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My personal musings about anything that gets on my radar screen--heavily dominated by politics.
|Interesting Historical Perspective
Charles Krauthammer has an interesting column in the Guardian today. The basic premise of the article is that Iraq is already in the midst of a civil war, it's just that the Americans are the only ones fighting on this side. But, just like America emerged from its Civil War to rise to greatness, Iraq can envision a great future IF the Shia and Kurd majorities start fighting for it. That synopsis might be too "Cliff Notes," but will serve for my purposes.
Because that wasn't the part of the column that got my attention. Krauthammer grabbed me with these three opening paragraphs:
In 1864, 11 of the 36 states did not participate in the American presidential election. Was Lincoln's election therefore illegitimate?
In 1868, three years after the security situation had, shall we say, stabilised, three states (and not insignificant ones: Texas, Virginia and Mississippi) did not participate in the election. Was Grant's election illegitimate?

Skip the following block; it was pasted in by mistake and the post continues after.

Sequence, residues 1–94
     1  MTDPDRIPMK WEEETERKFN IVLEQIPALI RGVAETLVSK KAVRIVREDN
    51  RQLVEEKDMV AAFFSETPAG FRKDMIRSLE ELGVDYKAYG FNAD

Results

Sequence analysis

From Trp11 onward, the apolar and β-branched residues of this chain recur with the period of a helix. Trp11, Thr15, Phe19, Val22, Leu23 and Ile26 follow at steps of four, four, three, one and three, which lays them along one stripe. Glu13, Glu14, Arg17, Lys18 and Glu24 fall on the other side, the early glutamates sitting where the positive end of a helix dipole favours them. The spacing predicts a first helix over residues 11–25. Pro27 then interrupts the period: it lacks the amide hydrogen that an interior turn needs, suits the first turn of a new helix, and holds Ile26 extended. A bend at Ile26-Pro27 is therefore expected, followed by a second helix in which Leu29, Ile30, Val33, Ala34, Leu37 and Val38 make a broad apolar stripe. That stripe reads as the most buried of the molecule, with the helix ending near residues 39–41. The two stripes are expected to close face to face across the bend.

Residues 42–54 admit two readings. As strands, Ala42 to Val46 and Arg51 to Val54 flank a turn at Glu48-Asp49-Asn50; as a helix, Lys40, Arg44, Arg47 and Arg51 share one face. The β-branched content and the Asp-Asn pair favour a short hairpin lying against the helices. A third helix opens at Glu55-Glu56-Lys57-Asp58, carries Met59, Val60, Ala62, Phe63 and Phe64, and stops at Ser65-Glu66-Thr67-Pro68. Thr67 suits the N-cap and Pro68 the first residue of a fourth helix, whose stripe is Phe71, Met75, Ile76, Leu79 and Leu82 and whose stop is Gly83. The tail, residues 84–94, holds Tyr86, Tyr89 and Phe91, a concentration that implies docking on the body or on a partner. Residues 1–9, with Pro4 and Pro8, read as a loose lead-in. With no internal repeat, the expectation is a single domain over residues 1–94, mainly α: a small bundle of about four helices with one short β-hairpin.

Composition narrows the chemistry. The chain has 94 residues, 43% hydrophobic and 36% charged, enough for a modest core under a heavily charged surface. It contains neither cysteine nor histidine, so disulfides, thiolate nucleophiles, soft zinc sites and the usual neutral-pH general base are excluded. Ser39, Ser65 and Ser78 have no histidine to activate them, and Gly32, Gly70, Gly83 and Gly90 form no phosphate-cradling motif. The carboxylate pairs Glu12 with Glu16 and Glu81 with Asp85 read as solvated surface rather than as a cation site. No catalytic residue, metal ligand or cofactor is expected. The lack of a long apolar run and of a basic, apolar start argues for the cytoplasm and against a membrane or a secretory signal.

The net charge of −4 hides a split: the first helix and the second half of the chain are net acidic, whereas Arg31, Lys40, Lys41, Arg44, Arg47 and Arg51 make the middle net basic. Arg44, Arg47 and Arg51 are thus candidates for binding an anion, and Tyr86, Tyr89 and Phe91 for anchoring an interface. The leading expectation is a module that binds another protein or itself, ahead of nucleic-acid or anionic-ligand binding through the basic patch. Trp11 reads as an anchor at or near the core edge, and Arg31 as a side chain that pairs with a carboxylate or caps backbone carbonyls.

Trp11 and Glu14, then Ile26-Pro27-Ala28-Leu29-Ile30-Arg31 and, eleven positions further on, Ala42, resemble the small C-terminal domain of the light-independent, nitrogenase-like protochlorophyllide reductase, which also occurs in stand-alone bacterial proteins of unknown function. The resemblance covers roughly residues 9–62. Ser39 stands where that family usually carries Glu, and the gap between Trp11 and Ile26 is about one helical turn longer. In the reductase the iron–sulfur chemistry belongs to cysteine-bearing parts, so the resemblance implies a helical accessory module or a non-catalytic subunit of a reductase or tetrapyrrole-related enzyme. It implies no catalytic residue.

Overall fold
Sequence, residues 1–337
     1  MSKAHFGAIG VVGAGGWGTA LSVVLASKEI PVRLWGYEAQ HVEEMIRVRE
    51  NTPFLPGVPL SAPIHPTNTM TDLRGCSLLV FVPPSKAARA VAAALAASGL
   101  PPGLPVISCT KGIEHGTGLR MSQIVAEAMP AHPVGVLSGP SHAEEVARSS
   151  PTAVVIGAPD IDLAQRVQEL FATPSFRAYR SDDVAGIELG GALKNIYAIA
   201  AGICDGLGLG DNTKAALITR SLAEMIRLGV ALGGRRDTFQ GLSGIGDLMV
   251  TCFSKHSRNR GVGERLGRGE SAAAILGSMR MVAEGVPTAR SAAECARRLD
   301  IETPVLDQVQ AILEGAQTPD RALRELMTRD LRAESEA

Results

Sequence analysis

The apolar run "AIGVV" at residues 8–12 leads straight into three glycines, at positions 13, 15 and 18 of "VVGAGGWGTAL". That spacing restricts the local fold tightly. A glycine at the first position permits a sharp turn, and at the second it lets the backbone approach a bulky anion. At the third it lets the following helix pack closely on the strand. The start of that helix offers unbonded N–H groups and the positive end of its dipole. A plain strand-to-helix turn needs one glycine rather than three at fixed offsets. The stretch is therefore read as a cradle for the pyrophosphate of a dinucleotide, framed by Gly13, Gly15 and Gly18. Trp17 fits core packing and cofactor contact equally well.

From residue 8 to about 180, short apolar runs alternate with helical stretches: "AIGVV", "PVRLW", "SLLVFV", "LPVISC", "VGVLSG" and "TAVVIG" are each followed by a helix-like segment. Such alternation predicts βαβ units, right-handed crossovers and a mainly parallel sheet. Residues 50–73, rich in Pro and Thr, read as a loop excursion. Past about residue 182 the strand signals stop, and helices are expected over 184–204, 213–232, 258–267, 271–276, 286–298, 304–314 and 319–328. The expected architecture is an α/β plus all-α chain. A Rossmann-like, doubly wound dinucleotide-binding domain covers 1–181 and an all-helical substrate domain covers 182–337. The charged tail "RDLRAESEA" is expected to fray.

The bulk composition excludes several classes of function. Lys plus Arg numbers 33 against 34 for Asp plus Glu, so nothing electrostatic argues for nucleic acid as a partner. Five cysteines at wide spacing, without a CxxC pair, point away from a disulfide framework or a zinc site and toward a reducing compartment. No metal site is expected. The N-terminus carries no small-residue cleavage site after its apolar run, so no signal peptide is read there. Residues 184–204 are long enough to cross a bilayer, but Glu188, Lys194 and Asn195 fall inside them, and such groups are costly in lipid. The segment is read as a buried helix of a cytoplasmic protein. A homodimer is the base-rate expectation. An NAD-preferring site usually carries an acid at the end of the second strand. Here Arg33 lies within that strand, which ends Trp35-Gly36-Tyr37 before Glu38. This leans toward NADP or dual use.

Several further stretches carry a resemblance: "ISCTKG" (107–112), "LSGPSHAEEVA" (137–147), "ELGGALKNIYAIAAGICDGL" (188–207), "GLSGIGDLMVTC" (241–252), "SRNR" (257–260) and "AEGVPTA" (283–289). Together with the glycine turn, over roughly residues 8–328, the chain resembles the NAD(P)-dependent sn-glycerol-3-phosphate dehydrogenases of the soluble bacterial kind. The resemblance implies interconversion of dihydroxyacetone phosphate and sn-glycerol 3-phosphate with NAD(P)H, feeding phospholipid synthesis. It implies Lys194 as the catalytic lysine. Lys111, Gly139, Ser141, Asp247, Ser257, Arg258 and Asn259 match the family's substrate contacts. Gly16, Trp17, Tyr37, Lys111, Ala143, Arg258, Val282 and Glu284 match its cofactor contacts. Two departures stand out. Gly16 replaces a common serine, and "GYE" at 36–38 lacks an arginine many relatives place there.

There has been much talk that if the Iraqi election is held and some Sunni Arab provinces (perhaps three of the 18) do not participate, the election will be illegitimate. Nonsense. The election should be held. It should be open to everyone. If Iraq's Sunni Arabs - barely 20% of the population - decide that they cannot abide giving up their 80 years of minority rule, which ended with 30 years of Saddam Hussein's atrocious tyranny, then tough luck.
Of course, it would have to be true that Lincoln's re-election was not by the country as a whole; and I am shamed by lack of historical knowledge to learn that Virginia, among others, did not participate in the 1868 elections. Clearly, these two elections were pivotal and have almost no historical consequence due to lack of participation.
And that is why pushing forward with an Iraqi election in six weeks is an imperative. If America can do it, and Afghanistan can do it, we have to send the message to the Iraqis that they can do it too.
Now, if only we could get the U.N. and Jimmy Carter to get onboard and, for lack of a better term, shut up.